That is practically unheard of in the game industry.
Another thing that was unheard of in the industry...a pre-order bonus (Nevada) being 4 years late after the product released...lol
And that is relevant in what way?
I'll try to explain how it's relevant.:
You say that developers giving free upgrades for years is unheard of...this is true to some extent...but no developer in history has screwed over their loyal customers as much as ED for the last decade...period. Your BF1-BF5 comparison is not even close...those titles were released in a reasonable state and updated in a business like time frame at the time money changed hands. So I was thinking that it could be a good opportunity for ED to flip the script. Possibly give the customers that purchased BS1& BS2 the BS3 update for free.
I can hear you saying already "You wouldn't work for free". I don't charge customers full price and then not deliver a finished product...it seems software development is one of the few exceptions that allows this type of fraud. They could shock the flight sim industry by actually throwing some sort of free nugget to their loyal customers but I think we know better than that.
That still isn't very relevant, and not historically true with regards to Battlefield 4. It took over a year and had to get handed down to a different studio (DICE Los Angeles, former Danger Close studio) for the fixes to be properly implemented. While that doesn't mean every game should follow this example it does show that it isn't that uncommon. Even the recently released CoD Modern Warfare was broken for about a month post release because the tick rate / net code couldn't account for the rate of fire of weapons. This resulted in instant "death rays" because only the first shot would report on your PC as a 3-5 round burst would be combined into one shot. So turn around a corner, see an elbow sticking out, boom, instant death. They fixed it and now you can see enemy shots, every one of them, and feel the gradual impact of them. But this is coming from the series that probably made the most profits this past decade. That just shows you how common it is for a full price game to include many bugs.
As for ED giving free stuff, we do get updates. New graphics, AI units, functionality, a new free map (thankfully) and an entirely new 3D model for the Blackshark cockpit. Only thing you'll have to pay for is the new variants. While the A-10C represented a current model for the time, it was quickly made out dated due to new software suites. I recall reading a few years back from someone who worked with the planes that the A-10C was fairly close to the real thing but was a very out dated suite. Consider it something like making ah AH-64D circa 2000 flight simulator in 2008, and then expecting a free upgrade with all the new technology in the AH-64E a decade later.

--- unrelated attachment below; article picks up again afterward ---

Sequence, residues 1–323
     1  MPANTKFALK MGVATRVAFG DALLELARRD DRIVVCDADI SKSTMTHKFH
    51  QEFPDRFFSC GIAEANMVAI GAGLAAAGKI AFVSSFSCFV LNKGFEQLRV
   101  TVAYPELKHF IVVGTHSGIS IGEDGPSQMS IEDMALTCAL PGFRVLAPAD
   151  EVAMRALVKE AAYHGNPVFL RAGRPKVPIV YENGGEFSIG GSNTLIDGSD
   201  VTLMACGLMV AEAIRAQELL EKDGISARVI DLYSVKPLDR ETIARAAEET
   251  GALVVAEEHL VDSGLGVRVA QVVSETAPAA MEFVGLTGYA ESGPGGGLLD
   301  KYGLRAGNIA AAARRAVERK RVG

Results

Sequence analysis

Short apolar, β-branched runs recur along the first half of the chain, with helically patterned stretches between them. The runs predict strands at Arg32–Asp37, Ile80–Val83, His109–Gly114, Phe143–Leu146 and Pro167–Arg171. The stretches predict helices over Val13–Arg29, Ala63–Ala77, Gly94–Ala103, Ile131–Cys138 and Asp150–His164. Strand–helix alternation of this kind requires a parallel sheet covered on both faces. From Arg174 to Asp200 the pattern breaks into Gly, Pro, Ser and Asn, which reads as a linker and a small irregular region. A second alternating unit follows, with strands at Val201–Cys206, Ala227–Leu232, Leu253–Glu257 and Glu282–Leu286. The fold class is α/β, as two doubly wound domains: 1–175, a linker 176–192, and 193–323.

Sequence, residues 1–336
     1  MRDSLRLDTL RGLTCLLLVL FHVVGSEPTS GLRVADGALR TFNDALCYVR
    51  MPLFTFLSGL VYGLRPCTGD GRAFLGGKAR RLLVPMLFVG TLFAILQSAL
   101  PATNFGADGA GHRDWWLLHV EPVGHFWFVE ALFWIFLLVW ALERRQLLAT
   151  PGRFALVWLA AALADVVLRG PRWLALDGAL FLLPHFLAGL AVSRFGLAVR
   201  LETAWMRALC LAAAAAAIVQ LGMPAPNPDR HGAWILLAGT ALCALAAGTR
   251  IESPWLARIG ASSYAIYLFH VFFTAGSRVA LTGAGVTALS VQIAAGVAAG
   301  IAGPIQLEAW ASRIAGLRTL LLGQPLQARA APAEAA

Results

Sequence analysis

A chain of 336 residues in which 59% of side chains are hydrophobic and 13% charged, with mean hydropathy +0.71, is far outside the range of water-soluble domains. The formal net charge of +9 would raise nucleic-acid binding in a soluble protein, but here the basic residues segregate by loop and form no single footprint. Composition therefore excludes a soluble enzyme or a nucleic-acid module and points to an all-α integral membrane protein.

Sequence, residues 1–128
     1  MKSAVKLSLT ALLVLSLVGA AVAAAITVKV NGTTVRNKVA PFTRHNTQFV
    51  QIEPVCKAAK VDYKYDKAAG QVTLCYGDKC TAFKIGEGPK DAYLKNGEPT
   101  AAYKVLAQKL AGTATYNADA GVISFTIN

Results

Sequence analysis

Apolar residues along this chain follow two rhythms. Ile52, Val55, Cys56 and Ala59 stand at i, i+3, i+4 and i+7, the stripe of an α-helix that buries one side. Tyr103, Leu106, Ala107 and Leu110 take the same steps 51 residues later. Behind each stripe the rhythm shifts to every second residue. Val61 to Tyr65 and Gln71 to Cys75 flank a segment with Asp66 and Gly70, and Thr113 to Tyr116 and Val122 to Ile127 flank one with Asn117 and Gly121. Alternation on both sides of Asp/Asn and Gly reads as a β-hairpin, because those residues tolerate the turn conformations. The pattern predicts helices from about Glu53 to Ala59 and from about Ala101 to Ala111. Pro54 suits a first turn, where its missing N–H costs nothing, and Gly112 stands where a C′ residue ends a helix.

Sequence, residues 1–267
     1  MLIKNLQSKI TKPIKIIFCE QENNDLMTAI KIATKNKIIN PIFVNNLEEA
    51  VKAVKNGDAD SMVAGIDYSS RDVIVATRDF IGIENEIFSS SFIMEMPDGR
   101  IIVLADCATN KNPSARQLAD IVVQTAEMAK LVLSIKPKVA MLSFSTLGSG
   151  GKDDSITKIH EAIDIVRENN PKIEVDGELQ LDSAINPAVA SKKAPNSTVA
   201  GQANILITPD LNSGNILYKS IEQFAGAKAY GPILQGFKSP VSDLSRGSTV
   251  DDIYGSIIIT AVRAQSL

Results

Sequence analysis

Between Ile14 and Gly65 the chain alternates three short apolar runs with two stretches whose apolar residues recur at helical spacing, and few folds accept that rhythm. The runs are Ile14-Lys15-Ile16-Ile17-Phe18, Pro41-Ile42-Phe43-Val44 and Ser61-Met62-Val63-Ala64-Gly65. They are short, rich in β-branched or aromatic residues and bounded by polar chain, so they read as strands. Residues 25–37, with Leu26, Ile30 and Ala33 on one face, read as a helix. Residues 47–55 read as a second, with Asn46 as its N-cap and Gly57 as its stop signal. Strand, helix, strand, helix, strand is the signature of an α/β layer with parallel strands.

Fixing things and bug fixes do need to be free, and the upgrades to the core game are needed because it is lacking in many areas. But I can see why they are charging a bit for the new models of these planes. It depends on how much of a discount they give. If they want ~$30 for a slightly newer model then it certainly isn't worth it unless you absolutely need the latest model. But from my understanding you'll still be able to fly the old variants if you don't purchase the new ones.
Pre-order bonuses being late (very late) doesn't have much to do with what products should get free updates for X amount of years though. I would say, if ED can figure out who pre-ordered the A-10C way back when, those people should get the new variant for free due to having to wait obscenely long. It would certainly be helpful from a PR perspective.